So, I was looking around Lookout Landing and U.S.S. Mariner today.
First of all, I found out whose fault it is that Gerald Laird is hurt. It is Jeff Sullivan's. Look what he put up Friday afternoon. Then, that night, Laird strains his hamstring. Clearly, the Seattle Mariners suck of 2008 is so powerful, it is stretching across time, space, and interwebs...
Jeff also has a bit of a mea culpa up on Erik Bedard, and I have to say, I'm surprised that so many smart people jumped on the Bedard bandwagon this offseason. My argument at the time, to those who wanted the Rangers to make a big push for him and give him crazy money, was that one great season from a 28 year old does not an ace make, and if you are going to sell the farm and go all-in for a pitcher, it shouldn't be for one who (along with being 28 and with only one great season) has never thrown 200 innings and has made more than 28 starts only once.
It isn't that Bedard isn't a terrific pitcher...he is, and is definitely better than anyone the Rangers have. It is that he isn't the elite level performer that folks were treating him as last summer.
Over at U.S.S. Mariner, Dave Cameron marvels at how coaches are anonymously dropping players in the grease. Seriously, click on the link and go read the quotes. As he notes, what is so amazing isn't just that the coaches think that, but that they are willing to go on the record (even anonymously) to a reporter with this, and apparently want it out there and in the press.
Cameron also, in another post, points out this Ken Rosenthal column which I had missed, which describes the M's clubhouse as "toxic" and claims there are major schisms, particularly with some players thinking Ichiro and Jumanji are getting preferential treatment, and that Bedard hangs out in the clubhouse on days he isn't pitching, rather than sitting in the dugout.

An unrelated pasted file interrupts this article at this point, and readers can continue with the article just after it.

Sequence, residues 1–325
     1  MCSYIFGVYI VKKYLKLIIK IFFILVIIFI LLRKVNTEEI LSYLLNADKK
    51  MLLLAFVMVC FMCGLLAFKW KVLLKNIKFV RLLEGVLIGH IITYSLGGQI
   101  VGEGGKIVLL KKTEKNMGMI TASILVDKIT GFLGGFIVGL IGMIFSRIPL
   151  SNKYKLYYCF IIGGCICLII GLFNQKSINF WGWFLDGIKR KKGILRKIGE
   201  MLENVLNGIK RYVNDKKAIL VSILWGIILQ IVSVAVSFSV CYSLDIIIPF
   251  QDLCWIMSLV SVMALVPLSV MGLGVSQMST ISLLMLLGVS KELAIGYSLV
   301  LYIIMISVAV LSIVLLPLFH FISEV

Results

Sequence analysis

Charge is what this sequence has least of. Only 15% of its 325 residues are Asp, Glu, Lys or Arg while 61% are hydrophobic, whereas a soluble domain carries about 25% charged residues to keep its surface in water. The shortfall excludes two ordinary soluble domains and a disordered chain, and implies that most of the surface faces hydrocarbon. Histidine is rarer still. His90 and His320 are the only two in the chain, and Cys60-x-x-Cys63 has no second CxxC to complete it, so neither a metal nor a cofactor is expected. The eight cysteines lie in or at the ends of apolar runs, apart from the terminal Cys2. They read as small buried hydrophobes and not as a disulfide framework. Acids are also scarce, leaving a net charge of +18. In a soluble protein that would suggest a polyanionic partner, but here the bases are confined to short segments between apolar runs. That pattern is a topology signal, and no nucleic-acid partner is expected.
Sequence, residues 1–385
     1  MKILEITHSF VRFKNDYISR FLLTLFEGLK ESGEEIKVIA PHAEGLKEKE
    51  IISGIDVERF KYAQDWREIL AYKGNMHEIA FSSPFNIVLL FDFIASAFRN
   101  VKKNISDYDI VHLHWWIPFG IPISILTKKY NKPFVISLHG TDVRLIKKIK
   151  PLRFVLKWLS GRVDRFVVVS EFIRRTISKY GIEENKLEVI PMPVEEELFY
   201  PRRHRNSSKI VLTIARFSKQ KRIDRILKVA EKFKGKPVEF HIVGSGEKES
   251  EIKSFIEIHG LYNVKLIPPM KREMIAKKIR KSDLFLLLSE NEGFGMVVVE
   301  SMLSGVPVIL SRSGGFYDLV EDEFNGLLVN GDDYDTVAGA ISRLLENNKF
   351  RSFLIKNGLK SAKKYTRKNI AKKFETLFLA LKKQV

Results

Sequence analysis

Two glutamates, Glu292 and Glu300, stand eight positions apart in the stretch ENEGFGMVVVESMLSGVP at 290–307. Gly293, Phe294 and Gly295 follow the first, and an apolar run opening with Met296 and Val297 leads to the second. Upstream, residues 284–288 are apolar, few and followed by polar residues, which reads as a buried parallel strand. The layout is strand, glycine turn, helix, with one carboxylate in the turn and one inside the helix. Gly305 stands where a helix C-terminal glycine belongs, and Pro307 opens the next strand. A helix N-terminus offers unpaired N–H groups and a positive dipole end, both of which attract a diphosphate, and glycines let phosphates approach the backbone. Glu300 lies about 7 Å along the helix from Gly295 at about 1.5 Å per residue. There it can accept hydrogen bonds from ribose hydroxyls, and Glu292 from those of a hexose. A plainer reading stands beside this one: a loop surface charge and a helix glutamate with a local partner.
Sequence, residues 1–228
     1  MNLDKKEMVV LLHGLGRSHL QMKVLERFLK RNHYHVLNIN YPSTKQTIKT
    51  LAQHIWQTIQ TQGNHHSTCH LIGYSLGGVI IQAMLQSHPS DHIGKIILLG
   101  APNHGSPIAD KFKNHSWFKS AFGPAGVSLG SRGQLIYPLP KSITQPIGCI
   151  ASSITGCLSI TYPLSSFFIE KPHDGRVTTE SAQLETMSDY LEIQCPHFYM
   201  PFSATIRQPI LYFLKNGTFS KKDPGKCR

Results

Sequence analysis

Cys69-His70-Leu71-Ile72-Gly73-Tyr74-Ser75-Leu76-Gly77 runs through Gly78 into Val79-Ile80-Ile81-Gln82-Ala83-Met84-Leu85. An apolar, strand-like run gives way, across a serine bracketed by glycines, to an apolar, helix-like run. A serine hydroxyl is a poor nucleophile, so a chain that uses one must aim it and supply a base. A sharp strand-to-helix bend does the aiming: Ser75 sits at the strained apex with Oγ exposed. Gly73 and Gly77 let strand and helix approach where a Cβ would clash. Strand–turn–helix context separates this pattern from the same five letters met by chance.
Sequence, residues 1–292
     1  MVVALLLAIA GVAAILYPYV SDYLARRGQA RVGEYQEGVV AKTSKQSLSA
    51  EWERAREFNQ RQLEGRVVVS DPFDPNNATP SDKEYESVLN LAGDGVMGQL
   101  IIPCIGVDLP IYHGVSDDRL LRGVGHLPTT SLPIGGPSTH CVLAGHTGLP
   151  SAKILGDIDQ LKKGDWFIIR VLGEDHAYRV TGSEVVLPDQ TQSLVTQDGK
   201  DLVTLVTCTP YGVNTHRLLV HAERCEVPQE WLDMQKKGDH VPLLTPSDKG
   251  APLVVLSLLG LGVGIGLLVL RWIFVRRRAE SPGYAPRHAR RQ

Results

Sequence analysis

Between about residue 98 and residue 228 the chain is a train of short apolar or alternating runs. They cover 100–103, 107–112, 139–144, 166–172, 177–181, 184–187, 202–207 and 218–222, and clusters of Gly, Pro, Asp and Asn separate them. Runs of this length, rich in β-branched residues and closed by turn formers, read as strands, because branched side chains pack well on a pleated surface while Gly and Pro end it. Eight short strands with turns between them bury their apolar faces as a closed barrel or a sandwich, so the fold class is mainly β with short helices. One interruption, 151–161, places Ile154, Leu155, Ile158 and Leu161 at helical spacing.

Jumanji, incidentally, is what prompted me to check out U.S.S. Mariner and LOL today, since over at BP, there's an article up by John Perrotto that includes this fascinating news:
The Mariners would like Johjima, signed to an albatross-like three-year, $24 million contract extension by Bavasi in April, to move to first base to replace Richie Sexson, a strong candidate to be released. However, Johjima wants no part of playing first and will now likely sit most of the time while rookie Jeff Clement sees most of the action at catcher.
I don't know how much of that Jumanji deal is really on Bavasi, since word is M's ownership was pushing to retain him, but still...signing a guy who isn't that great to an above-market contract, when your best positional prospect plays the same position, and neither of them are going to have much value anywhere else, doesn't seem like a great plan.